7. The True Story of Franklin's Expedition

    I’d be curious to read more about this, too. I think you’re right, though - why else resort to cannibalism before the stockpile of provisions had been utilized? There are only two things that occur to me: the tins did not preserve the food as expected and were useless, and/or they were simply too much dead weight when it came time for the crew to seek rescue by marching overland to Back River. The can theory was studied by Owen Beattie in the early 80’s, when the lead poisoning theory first emerged. Beattie found trash pits with the cans, and signs that these provisions were not properly sealed. More recently scholars have blamed the lead lined drinking water system, which may have more severely contaminated the crew’s diet. I think its quite likely that lead poisoning and botulism probably did adversely impact the expedition, but its become a little overblown as the only explanation. Some recent scholarship has pushed back against it, but it will remain a debate for years to come. Maybe the ships galleys will provide further evidence.
  8. The True Story of Franklin's Expedition

    To me, it is not all that surprising. There were hundreds, perhaps even thousands, of women that enlisted in the army during the American Civil War (by some scholars’ estimates). Just like today, they wanted to serve and be a part of something. Perhaps out of some measure of desperation, which is probably true of many of the male seamen, too. Of course they were not allowed to, so they had to conceal their true identities.
  9. The True Story of Franklin's Expedition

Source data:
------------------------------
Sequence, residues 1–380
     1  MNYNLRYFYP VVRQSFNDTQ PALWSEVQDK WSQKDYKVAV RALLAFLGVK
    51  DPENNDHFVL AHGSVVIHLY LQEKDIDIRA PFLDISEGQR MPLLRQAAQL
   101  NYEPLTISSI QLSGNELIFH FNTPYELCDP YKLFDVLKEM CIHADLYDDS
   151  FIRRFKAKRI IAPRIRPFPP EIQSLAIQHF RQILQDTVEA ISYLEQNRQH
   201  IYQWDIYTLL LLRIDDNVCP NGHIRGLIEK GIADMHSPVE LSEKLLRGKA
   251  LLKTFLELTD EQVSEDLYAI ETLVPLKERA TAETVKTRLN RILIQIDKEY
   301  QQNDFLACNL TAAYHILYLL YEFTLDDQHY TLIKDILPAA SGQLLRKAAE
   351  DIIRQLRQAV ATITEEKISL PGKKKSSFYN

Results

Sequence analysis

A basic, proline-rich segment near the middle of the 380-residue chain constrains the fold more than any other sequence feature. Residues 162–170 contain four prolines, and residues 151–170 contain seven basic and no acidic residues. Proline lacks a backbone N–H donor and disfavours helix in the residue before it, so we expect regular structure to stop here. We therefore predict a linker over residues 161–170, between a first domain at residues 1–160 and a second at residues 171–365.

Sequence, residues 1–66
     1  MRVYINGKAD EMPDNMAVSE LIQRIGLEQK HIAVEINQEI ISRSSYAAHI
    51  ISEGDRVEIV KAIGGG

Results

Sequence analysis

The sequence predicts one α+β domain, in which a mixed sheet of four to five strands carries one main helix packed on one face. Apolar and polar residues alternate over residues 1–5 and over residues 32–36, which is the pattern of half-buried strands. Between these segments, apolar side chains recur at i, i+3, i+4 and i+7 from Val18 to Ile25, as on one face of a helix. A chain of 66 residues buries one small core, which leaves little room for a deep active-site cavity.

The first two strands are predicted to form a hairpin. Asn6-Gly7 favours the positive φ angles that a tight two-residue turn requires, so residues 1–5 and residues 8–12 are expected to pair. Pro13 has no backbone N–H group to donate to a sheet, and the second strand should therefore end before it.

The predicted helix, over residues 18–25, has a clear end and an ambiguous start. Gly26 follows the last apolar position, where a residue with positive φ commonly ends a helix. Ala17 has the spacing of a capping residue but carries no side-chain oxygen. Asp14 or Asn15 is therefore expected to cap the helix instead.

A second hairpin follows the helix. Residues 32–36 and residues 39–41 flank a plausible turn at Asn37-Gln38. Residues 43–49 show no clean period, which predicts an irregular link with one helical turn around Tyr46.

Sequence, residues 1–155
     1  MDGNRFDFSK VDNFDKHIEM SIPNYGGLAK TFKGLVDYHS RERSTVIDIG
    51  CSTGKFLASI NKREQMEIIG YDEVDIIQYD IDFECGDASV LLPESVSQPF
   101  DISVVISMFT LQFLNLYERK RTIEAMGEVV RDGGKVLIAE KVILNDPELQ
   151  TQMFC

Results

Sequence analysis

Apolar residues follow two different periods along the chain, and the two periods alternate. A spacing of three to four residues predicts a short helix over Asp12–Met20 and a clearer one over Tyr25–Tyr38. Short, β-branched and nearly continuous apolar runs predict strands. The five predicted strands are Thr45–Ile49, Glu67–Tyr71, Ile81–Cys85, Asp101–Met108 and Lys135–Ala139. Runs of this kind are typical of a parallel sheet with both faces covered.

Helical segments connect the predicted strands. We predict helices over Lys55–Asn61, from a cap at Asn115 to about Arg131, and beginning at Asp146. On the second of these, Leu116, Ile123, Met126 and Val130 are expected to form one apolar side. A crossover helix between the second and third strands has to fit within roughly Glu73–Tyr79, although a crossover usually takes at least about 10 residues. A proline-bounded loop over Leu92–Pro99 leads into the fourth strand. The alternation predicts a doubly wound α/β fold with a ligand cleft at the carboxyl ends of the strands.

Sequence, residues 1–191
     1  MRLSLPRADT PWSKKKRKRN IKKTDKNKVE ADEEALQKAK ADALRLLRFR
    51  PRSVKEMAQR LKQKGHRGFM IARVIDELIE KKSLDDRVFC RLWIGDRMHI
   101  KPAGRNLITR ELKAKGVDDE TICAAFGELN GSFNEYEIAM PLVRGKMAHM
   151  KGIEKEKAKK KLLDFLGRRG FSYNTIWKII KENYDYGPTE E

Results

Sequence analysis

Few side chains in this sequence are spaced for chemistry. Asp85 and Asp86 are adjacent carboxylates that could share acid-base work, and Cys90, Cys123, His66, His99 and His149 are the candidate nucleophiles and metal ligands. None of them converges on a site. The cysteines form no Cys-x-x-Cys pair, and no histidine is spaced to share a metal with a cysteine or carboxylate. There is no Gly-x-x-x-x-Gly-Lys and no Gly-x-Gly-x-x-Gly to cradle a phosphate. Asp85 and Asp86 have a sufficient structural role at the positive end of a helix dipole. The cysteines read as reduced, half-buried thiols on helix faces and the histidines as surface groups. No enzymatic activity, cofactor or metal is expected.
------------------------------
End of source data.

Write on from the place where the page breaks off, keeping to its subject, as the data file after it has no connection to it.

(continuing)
I have followed the archaeology closely since the discovery of Erebus and Terror. I won’t restate what is easily googled, but summarize a few key points I have taken from the non fiction I have come across. Lead poisoning is famously attributed as the lead (no pun intended) cause of the expedition’s failure. This conclusion is based on outdated forensics which could not distinguish gradual lead exposure from rapid lead exposure. The small sample of human remains tested showed high levels of lead, but this could be expected of anyone living in Victorian England. Also, not all of the remains showed the same extent of exposure. I think lead is a possible source of illness, and a contributing factor in such a harsh environment as the arctic, but not the sole cause of failure. Likely starvation, as evidenced by signs of survival cannibalism in some remains, was just as significant if not more so. The ships which have been discovered now indicate that Terror was found much farther south of the ice pack than the last recorded position indicated. This suggests that some survivors may have managed to break free of the ice and attempted to navigate the ship further south. This is only the early stages of the investigation, and other explanations may arise. A DNA database with profiles of 19 crewman has been created. Some females evidently masqueraded as crewmen based on DNA recovered from exposed remains over the years. Many of the remains were found in 1945, on King William Island. Three mummified bodies were found on Beechey Island and are the most famous forensic subjects related to this topic. They died before the expedition was trapped in ice. The expedition encamped at Beechey in 1845, and became trapped in ice in 1846. A detailed dispatch preserved in a rock cairn and located by a subsequent rescue expedition indicates that Sir John Franklin died in June of 1847. 105 survivors abandoned the vessels in 1848, seeking access to the Back River to make their way to mainland Canada and trade outposts along the frontier. The Inuit knew of these ships and probably visited these locations to salvage materials. So well known were their locations by the Inuit, that the modern search vessels credit them for aiding in their discovery of the sunken vessels.